South African cricket might have experienced an upheaval but you wouldn’t know it observing its players.

The South African cricketers, barring captain Graeme Smith, interacted with the media on Thursday — and it must have been at least mildly discomfiting, for the size of India’s cricket media is overwhelming — but they appeared remarkably calm and self-contained.

This didn’t preclude them, however, from the witty repartee — they were anything but the boring automatons, the ‘well-oiled machine’, they’re portrayed as; indeed Paul Harris already has enough material for a stand-up routine sourced largely from his antics as a left-arm orthodox spinner.

Professional approach

The routine questions were dealt with professionally: yes, former coach Mickey Arthur will be missed, but he had a great run and he put excellent systems in place; the number-one ranking is a bonus not something to be obsessed over (A.B. de Villiers did say that South Africa lost the top spot because vision was lacking); India will miss Rahul Dravid at No. 3, a crucial spot, but too much mustn’t be made of it.

While preferring not to be drawn on the specifics of their preparation and their strategy, the South Africans were forthcoming on why they’ve always competed well in India.

“We look to come here and play in Indian conditions. If it was easy, then everybody would be playing Test cricket,” said Dale Steyn, the world’s premier fast-bowler. “We are looking for the most difficult conditions, we prepare for the most difficult conditions.

“We all play this game because you want to find out who you are as a person. You want to find out how far you can stretch yourself at this level, how good you are over five days against some of the best players in the world. There’s no better contest to take part in.”

Steyn, who has a fine record in India (15 wickets at just over 20), said it was important to sustain intensity over a day of bowling. “The biggest thing about India is that you have to hit the deck,” he said.

The truth

“Obviously the truth is that we are not going to get the movement and the bounce that we get at the Wanderers. That is the dead honest truth.

“However, the aggression and the way that we bowl doesn’t change. I’ve said it many times before, a 145 or 150 kmph yorker is absolutely no different whether you bowl it here in Nagpur, Chennai, Johannesburg or Perth.

“It’s the skill behind the delivery, what the planning is behind the delivery that is what counts at the end of the day. Reverse swing is a massive thing, obviously that’s what is the key here in India,” said Steyn.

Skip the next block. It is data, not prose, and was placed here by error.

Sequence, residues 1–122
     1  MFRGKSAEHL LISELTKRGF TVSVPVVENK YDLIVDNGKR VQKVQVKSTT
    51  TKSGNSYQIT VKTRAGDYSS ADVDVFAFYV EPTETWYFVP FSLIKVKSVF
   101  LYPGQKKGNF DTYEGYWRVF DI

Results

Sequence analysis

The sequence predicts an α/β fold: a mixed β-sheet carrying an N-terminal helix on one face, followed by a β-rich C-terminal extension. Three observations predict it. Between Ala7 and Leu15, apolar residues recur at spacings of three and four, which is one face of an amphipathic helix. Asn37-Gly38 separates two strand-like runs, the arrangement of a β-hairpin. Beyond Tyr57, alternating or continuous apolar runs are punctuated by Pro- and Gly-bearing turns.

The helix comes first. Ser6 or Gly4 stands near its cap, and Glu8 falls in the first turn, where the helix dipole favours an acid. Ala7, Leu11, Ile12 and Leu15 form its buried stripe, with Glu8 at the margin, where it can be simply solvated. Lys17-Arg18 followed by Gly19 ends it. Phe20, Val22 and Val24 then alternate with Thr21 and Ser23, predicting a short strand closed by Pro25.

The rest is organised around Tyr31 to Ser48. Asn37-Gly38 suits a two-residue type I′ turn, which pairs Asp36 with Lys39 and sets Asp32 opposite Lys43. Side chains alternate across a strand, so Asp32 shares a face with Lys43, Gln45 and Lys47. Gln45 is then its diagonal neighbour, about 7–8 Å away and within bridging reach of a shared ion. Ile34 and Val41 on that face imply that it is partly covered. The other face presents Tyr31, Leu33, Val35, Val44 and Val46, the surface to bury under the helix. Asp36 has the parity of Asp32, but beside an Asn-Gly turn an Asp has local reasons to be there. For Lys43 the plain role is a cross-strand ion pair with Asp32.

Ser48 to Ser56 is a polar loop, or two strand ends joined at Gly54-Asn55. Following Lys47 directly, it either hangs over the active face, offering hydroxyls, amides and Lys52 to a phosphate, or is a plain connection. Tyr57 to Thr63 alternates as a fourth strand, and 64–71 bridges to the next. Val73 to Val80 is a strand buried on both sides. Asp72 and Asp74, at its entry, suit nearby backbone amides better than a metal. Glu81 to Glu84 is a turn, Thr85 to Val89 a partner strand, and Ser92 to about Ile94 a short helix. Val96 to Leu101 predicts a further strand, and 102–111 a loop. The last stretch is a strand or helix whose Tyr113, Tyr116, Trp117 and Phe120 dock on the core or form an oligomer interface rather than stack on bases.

Jacques Kallis, South Africa’s best batsman, said the subcontinent had grown familiar with the increase in the frequency of tours. The IPL, he said, had helped foreign cricketers understand their Indian counterparts better.

IPL has helped

“A lot of teams are adapting to the conditions of the subcontinent a lot better because of spending more time here,” said Kallis. “You end up playing with a lot of Indian players during the IPL, so you see the way how they do things and how their mentality works; so players all around the world are learning better to adapt here now.”

But isn’t it counteracted by the Indians having Gary Kirsten, Paddy Upton, and Eric Simmons — all of whom know South Africa intimately — in their support staff?

“There is so much technology these days, everybody knows other’s gameplans. I don’t see that as a major advantage,” said Kallis although J.P. Duminy conceded that it could benefit India.

Need for quality spinner

While South Africa’s batsmen have worked on starting against spin (de Villiers said Kallis had helped him with that on the previous tour), the touring side seems hamstrung by the lack of a quality spinner.

Not if you listen to Harris. “I’ve been around for three years now and no one has expected anything out of me, everyone thinks I’m rubbish,” he said. “We’ve got our gun fast bowlers who bowl quick and scare the life out of batsmen, it’s my job to make sure they can rest when it’s not turning and when it turns I can come into the game.

“People have perceived me as not being a very good bowler, and they have been shocked. Maybe I’ll shock a few people again, maybe I can get a few of the Indians to believe that I’m either brilliant or useless.”

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